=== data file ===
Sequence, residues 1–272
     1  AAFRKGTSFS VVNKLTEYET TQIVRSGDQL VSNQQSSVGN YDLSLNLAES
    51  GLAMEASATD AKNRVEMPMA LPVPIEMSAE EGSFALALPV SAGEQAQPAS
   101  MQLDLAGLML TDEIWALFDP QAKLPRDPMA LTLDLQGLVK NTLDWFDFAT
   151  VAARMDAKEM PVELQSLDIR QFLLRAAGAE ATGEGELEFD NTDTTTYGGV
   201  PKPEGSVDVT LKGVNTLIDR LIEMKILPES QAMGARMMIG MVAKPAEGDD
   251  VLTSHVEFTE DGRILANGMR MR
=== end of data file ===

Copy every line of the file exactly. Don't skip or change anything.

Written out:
Sequence, residues 1–272
     1  AAFRKGTSFS VVNKLTEYET TQIVRSGDQL VSNQQSSVGN YDLSLNLAES
    51  GLAMEASATD AKNRVEMPMA LPVPIEMSAE EGSFALALPV SAGEQAQPAS
   101  MQLDLAGLML TDEIWALFDP QAKLPRDPMA LTLDLQGLVK NTLDWFDFAT
   151  VAARMDAKEM PVELQSLDIR QFLLRAAGAE ATGEGELEFD NTDTTTYGGV
   201  PKPEGSVDVT LKGVNTLIDR LIEMKILPES QAMGARMMIG MVAKPAEGDD
   251  VLTSHVEFTE DGRILANGMR MR